Daniel O’Donnell, Riverdance, Nathan Carter and a 1,000- strong choir to entertain Pope at Croke Park next month
Next month’s visit to Ireland by Pope Francis is to be celebrated by some of Ireland’s biggest stars. Daniel O’Donnell and Nathan Carter are among the acts scheduled to entertain Pope Francis and a crowd of up to 77,000 in Croke Park for the World Meeting of Families. Nathan Carter, 28, said he was awed by the honour of being invited to perform.
“It’s a huge honour for me. I was part of a boys’ choir growing up and we sang for Pope John Paul II in Rome when I was about 11, so for me to sing for two popes is amazing and something that I never really dreamt of.
“To do it in such an amazing place like this is just going to be a dream come true,” said the Liverpool-born Irish chart-topper.
World Meeting of Families creative director Ruán Magan said the three-day event will be “spectacular, unexpected and full of joy and fun”.
Among the performers taking part in the entertainments will be a 1,000-strong choir, the Riverdance troupe, Dana Masters, Celine Byrne, the Begley Family, Holy Family Deaf Choir and Deaftones and Eastenders’ actor Patrick Bergin.
The Festival of Families show on 25 August is being produced by the two people who devised the original Riverdance, John McColgan and Moya Doherty and their company Tyrone Productions. Among those putting the event together will be people who worked on Ireland’s Special Olympics and the 1916 centenary celebrations.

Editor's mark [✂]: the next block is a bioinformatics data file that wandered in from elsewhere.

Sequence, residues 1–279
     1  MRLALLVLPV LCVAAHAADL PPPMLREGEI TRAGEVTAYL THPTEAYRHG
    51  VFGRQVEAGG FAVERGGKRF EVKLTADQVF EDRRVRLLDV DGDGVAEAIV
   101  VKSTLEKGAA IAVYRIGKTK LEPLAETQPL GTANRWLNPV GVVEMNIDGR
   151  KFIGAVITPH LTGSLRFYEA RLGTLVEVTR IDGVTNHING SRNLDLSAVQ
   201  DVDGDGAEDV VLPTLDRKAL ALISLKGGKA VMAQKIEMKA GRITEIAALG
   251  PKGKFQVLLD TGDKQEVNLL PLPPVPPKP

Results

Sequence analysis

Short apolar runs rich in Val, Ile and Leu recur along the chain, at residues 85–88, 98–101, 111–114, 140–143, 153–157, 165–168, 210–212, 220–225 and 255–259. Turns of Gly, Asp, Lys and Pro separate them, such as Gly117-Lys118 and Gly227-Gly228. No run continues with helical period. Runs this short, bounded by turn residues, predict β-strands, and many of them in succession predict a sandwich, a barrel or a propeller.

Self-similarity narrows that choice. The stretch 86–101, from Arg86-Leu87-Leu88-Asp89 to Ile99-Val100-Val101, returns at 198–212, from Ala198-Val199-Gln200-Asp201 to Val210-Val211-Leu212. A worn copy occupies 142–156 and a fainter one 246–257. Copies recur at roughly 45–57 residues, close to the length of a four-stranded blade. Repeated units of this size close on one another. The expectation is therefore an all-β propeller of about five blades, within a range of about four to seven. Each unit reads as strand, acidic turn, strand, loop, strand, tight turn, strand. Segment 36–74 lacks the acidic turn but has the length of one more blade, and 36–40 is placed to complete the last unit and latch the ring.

The plight of migrants, the family, and the environment will be among the main themes, said Mr Magan.
Pope Francis has requested that be allowed to sit “among the people” on the evening on a platform in front of the stage.
Secretary-general of World Meeting of Families 2018 Father Timothy Bartlett said the church in Ireland had raised almost two thirds of its €20 million target for the three-day event. Collections have been held in parishes across Ireland for several months.
Father Bartlett said a final figure for how much the Irish government will have to pay for its share of hosting the papal visit is not yet known but the Pope will be treated as a visiting head of state with all the costs of security and event control a State visit would usually entail.
Bishop behind Papal visit says Pope must acknowledge abuse
The Archbishop of Dublin Diarmuid Martin, who was instrumental in getting Pope Francis to visit Ireland next month said at the week-end it is important that Pope Francis address the issue of abuse by members of the church.
He said on RTE Radio One: “It is important, I believe, that he does address it because the wounds are there and new wounds are emerging.
“If I had been asked two years ago I would have been talking about institutions and abuse by clergy, now it’s Magdalene laundries and mother-and-baby homes and a whole series of other places.”
Dr Martin said there is huge interest in Pope Francis’s visit right across Ireland with all 500,000 tickets for his Phoenix Park mass snapped up.
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